the motor is energized to operate the com'-' pressor. I
When the thermostats-g closes the electric c1rcuit through the circuit 3' this closes the switch 70 in the circuit m. This energizes the electric magnet and shifts the valve element to the upper position shown in Fig. 2; n this position the gas enters the distributing valve through the s; then passes down along the atted stem' assageway w and out. the passageway o to the coil 6 of the compartment B.- At the same time it will be seen that the circuitmis coupled up with the motorand the line wires so as to start the compressor.
In caseboth thermostats close their respective switches at the same time, the cir-' cuit 0 will -practically short-circuit the winding of the electric' magnet so that this magnet will not get enough current to overquently, when both thermostats are stimu- "lated .at the same time, the distribution is made only to the colder chamber, but as soon as the temperature here falls to the desired point th s circuit cuts 03 and per- Come-- mits the other circuit to have enough current to energize the magnet and direct the gas into the warmer compartment B.
What I claim is: v 1. In a refrigerating system, the combination of a plurality of units requiring heat exchange, a heat abstracting system work- 'ing on the expansion plan and connected with each unit, a distributing valve in such connection, and automatic means associated with each unit for starting in operation the heat abstracting system and for simultaneously operating the distributing valve to direct the gases into the properunit requiring heat exchange.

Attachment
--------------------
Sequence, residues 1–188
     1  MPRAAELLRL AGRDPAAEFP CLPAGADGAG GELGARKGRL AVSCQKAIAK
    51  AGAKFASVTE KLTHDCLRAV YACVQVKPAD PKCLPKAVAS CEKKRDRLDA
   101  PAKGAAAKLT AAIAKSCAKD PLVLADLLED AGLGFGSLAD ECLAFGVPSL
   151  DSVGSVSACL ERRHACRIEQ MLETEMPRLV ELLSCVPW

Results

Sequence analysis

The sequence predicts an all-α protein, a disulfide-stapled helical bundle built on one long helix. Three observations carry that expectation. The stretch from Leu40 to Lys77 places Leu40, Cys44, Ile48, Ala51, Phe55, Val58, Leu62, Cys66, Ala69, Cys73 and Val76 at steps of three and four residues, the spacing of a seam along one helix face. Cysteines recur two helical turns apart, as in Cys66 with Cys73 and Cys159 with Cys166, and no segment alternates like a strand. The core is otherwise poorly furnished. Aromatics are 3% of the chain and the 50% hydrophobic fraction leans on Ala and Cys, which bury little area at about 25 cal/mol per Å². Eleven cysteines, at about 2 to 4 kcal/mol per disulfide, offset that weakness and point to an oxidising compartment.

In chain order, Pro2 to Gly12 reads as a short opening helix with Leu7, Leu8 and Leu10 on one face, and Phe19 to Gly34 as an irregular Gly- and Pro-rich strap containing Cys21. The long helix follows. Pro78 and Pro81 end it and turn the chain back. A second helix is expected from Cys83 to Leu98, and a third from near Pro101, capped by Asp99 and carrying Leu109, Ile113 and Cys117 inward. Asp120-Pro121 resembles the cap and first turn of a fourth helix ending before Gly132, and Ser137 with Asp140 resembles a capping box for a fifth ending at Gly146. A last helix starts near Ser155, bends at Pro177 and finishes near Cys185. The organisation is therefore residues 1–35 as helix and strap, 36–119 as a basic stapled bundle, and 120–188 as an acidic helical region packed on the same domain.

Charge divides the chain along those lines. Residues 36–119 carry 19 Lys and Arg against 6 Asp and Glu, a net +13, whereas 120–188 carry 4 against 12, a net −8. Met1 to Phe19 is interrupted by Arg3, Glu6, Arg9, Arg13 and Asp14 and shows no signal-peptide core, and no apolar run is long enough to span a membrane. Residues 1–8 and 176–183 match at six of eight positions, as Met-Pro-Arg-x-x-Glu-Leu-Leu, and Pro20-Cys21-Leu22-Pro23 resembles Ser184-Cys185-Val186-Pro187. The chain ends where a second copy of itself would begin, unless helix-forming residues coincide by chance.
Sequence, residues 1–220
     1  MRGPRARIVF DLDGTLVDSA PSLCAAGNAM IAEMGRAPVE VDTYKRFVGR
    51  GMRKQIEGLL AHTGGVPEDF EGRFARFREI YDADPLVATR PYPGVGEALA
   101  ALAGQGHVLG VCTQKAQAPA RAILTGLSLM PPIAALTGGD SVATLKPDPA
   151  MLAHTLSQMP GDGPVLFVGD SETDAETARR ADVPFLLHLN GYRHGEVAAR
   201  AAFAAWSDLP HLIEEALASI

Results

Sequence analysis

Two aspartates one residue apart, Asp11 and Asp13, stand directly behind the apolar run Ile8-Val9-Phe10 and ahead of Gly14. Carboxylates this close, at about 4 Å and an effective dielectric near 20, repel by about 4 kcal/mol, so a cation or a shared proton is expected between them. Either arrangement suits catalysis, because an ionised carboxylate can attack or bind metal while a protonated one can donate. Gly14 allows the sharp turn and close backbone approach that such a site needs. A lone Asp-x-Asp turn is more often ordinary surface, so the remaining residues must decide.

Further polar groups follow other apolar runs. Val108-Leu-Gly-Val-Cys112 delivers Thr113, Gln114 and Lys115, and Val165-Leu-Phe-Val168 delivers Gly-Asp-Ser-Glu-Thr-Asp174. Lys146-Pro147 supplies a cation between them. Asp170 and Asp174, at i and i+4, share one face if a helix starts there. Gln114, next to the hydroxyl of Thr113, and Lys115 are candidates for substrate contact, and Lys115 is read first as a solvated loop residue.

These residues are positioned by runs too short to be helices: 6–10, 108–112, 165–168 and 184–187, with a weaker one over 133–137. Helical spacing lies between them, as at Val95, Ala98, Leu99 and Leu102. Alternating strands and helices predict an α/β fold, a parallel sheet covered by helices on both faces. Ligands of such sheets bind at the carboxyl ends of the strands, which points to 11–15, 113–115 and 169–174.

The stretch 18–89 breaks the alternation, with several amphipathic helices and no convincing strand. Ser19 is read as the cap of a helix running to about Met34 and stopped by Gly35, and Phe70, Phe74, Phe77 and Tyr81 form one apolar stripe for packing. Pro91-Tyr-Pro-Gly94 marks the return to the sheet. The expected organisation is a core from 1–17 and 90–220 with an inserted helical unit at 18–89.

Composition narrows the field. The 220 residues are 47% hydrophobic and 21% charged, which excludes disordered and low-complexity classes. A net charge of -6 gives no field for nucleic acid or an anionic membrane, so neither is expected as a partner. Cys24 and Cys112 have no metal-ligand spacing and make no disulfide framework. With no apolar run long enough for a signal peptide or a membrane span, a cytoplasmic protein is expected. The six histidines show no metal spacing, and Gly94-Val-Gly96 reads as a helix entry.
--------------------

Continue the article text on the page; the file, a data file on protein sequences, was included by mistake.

.2. In a refrigerating system, the combination of a plurality of units requiring heat exchange, means for abstractin sion principle, a plura ity of thermostats for automatically controlling such means, one in connection with each unit requiring heat exchange, and electro-magnetically controlled distributing valve connected with said thermostats for governing the distribution of the gas from such heat abstracting means to the proper unit requiring heat exchange. I 3. In a refrigeratin system, the combination of a plurality 0 units requiringheat exchange, means for abstracting heat ineluding a circulating medium, a distrib-- uting valve controlling the units to which such circulating medium is distributed, an automatic means associated with each unit for starting. in operation the heat abstracting means and for simultaneously operat-- in the distrlbuting valve to direct the cir-. cu atingmedium into the proper unit re-.
quiring heat. exchange.
In testimony whereof he has affixed his signature.
JOHN W. FITZ GERALD.
electro-mechanically operating heat on the expan-